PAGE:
How Proper Planning Helps Workplace Mental Health & Wellness

workplace planning

We probably don’t need to tell you that May is Mental Health Awareness month because it’s all over the news and on social media. Instead, we want to focus on helping you discover a few simple planning strategies that can help you reduce stress and anxiety at work so you can feel your best. In addition, helping your team to do the same can transform your company culture.

Why addressing mental health and wellness at work is important

The workplace landscape was already changing prior to 2020 but the pandemic sped the process along. Employees are no longer looking for a job that simply pays the bills. They want to work for businesses that have a company culture that aligns with their personal values. One study found employees find mental health and wellness to be a very important benefit at work.

“Leave your problems at the door” is no longer the standard expectation at work. Employees want employers to help support them professionally and personally. Finding ways to embrace this idea now will help you stay competitive when looking to hire.

But prioritizing mental health in the workplace isn’t only good for the employee on a personal level. Supporting employee mental health can also lead to improved productivity and fewer missed days of work. It’s good for your bottom line as well.

How proper planning supports mental wellness

If you listen to people—across all industries—you’re likely to hear a common thread weaved throughout conversations; people feel burnt out this year. They are tired. They are overwhelmed. They’re lacking the motivation they used to feel for their jobs. Expecting people, including yourself, to just push through, isn’t going to work. Changes need to be made.

A 2019 Harvard Business Review article shares a different perspective on the problem; the problem isn’t your employees, it’s how your company is running. The article shares that a Gallup survey identified the top five reasons for burnout as:

  • Unfair treatment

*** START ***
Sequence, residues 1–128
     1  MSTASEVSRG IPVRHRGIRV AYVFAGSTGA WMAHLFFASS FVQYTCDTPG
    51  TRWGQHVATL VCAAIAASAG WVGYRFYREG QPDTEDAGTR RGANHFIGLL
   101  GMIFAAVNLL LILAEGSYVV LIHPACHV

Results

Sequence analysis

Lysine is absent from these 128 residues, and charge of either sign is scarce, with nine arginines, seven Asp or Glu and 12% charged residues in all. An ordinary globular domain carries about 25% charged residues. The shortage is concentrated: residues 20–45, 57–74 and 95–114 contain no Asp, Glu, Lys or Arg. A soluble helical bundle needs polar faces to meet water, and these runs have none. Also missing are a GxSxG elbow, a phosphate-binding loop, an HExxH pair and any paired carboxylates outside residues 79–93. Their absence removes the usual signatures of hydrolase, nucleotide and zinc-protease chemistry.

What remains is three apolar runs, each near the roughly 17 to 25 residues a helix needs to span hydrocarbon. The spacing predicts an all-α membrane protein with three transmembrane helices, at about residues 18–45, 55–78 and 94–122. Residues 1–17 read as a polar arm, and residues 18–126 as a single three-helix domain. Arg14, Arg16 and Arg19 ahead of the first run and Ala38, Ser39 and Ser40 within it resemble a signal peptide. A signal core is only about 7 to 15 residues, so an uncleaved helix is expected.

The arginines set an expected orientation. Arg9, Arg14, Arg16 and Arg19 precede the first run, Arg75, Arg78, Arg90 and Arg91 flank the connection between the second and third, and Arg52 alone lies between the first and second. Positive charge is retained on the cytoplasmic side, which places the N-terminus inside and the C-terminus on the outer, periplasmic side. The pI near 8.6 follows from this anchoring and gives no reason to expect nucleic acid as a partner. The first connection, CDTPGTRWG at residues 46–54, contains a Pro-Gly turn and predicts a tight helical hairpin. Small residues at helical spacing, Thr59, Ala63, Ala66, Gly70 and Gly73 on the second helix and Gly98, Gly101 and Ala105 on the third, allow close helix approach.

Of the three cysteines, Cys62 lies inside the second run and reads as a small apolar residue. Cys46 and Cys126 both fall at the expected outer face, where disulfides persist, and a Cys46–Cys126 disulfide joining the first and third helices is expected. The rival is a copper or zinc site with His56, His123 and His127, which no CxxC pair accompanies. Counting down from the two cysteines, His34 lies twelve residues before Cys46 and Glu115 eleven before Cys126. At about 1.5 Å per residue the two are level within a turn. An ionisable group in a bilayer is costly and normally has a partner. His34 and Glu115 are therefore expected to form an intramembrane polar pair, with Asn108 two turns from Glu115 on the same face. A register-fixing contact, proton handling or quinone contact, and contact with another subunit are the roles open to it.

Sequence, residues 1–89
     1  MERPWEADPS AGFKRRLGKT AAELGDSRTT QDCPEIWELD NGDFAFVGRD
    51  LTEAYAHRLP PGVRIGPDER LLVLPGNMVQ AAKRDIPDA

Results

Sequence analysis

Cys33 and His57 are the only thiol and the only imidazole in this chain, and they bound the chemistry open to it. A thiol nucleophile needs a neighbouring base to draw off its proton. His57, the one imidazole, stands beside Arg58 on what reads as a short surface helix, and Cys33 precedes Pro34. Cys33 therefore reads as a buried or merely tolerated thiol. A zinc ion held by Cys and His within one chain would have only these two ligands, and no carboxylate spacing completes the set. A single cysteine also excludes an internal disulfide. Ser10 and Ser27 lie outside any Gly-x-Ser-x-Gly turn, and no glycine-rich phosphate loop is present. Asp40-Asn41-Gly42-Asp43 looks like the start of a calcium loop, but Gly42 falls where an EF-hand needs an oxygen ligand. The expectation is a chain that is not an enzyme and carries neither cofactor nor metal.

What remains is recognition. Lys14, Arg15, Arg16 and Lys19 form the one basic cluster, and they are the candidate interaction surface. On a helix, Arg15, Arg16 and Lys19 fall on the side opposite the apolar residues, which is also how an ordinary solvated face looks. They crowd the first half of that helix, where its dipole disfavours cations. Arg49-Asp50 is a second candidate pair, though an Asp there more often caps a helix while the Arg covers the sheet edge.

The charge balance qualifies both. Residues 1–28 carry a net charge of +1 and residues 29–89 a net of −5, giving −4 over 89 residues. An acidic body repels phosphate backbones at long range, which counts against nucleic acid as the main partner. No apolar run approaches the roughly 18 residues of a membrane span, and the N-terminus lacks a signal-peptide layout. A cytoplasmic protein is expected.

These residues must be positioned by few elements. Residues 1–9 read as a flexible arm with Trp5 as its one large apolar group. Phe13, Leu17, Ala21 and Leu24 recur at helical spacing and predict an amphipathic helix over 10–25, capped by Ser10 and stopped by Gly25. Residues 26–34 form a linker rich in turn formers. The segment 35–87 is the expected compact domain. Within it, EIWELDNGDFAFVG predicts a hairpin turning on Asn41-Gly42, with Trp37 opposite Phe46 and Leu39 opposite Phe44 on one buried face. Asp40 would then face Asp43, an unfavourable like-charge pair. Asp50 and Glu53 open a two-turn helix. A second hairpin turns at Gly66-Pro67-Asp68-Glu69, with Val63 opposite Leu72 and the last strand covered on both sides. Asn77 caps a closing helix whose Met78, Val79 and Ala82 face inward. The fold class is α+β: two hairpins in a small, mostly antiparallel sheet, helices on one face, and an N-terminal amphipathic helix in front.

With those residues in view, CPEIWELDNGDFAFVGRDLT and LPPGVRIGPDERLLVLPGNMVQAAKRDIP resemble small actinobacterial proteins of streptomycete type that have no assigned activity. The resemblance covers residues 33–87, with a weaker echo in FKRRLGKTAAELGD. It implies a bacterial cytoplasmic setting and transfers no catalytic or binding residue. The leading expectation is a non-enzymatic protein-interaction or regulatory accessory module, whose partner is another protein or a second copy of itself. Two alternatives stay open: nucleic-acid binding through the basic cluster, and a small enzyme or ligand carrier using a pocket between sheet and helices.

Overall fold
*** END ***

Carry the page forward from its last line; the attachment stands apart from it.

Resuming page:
• Unmanageable workload
  • Lack of role clarity
  • Lack of management communication and support
  • Unreasonable time pressure

Proper planning and the right systems can help transform these areas within a company. Here are some things you can do to address help reduce burnout for yourself and your team.

1. Make sure workloads are realistic

Since the start of the Great Resignation, many employees have been forced to add more tasks to their schedules. But while the pandemic may have been unprecedented, this situation is not. The exact same thing happened back in 2008 with the Great Recession. These situations are unfortunate in business, but shouldn’t be used as an excuse to pile unrealistic workloads on your employees (or yourself.)

It may be time to lower the bar and pivot to embrace realistic expectations. If you or your staff is overloaded right now, work on prioritizing tasks. Let yourself and your team know and accept that some things might not be achieved at the same pace they were previously. Help your employees by communicating what the priorities are and that you don’t expect them to accomplish more than they can reasonably do within their scheduled time.

Make yourself available to your team so they can come to you if they are struggling to accomplish their tasks. Work together with your staff to find the best solutions for the current circumstances.

2. Provide employees with the resources they need to succeed

It’s crucial that you set your employees up for success. Make sure when you delegate a task to someone that you also delegate access to the resources they need to accomplish the tasks. If they constantly have to run back to you for approval or to get more information from you, you’re only creating more work for both of you.

Train yourself and your employees to look at their tasks and identify what the needs are to accomplish them, and then take the steps to make that readily available to people.

3. Check in with 15-minute meetings

15-minute meetings create necessary opportunities for supervisors and employees to communicate needs and expectations. These short meetings are designed to be fast and productive so you can spend time on the things that are most important. During these meetings, your employee will update you on the progress they’re making toward their goals, what six tasks they are focused on last week and the status of each one, the six goals they have for the current week and what they need in order to succeed.

You can learn more about 15-minute meetings here.

4. Use a system to track tasks and progress toward goals

Having a system in place to help you and your team track your tasks and goals can help reduce stress and anxiety while increasing productivity levels. There are many task management systems, software, and apps you can choose from. We encourage you to choose something that will grow with your team, allows you to align your tasks with your goals, and helps you keep your to-do list manageable. If you want to see how the SPEARity app can help you accomplish these things, schedule a demo today.

A final thought

Remember that employees need to see you model the behavior you expect from them. If you work all hours of the day, send emails at midnight, and burn out because you don’t have realistic expectations, they are going to follow in line. Don’t forget to prioritize your own health and wellness. Your business and your team will benefit from it.

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